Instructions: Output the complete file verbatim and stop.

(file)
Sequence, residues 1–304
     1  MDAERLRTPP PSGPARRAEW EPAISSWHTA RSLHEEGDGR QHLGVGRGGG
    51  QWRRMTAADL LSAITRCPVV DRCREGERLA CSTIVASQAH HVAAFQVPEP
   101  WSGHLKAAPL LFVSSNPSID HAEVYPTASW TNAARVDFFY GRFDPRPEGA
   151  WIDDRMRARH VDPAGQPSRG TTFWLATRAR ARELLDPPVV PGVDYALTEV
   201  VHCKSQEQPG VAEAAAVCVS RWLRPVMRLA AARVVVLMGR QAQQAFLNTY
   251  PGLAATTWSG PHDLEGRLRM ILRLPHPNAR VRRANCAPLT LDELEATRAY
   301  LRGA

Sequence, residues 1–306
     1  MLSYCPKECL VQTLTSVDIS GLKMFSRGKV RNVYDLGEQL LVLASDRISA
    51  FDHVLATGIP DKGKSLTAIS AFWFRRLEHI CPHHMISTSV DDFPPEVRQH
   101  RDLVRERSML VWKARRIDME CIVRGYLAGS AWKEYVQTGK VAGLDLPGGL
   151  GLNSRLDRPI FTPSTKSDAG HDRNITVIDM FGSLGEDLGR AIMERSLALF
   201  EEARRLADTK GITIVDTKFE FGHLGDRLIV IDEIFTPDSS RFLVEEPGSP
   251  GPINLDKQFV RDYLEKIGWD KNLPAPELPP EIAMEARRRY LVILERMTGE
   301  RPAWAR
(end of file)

Sequence, residues 1–304
     1  MDAERLRTPP PSGPARRAEW EPAISSWHTA RSLHEEGDGR QHLGVGRGGG
    51  QWRRMTAADL LSAITRCPVV DRCREGERLA CSTIVASQAH HVAAFQVPEP
   101  WSGHLKAAPL LFVSSNPSID HAEVYPTASW TNAARVDFFY GRFDPRPEGA
   151  WIDDRMRARH VDPAGQPSRG TTFWLATRAR ARELLDPPVV PGVDYALTEV
   201  VHCKSQEQPG VAEAAAVCVS RWLRPVMRLA AARVVVLMGR QAQQAFLNTY
   251  PGLAATTWSG PHDLEGRLRM ILRLPHPNAR VRRANCAPLT LDELEATRAY
   301  LRGA

Sequence, residues 1–306
     1  MLSYCPKECL VQTLTSVDIS GLKMFSRGKV RNVYDLGEQL LVLASDRISA
    51  FDHVLATGIP DKGKSLTAIS AFWFRRLEHI CPHHMISTSV DDFPPEVRQH
   101  RDLVRERSML VWKARRIDME CIVRGYLAGS AWKEYVQTGK VAGLDLPGGL
   151  GLNSRLDRPI FTPSTKSDAG HDRNITVIDM FGSLGEDLGR AIMERSLALF
   201  EEARRLADTK GITIVDTKFE FGHLGDRLIV IDEIFTPDSS RFLVEEPGSP
   251  GPINLDKQFV RDYLEKIGWD KNLPAPELPP EIAMEARRRY LVILERMTGE
   301  RPAWAR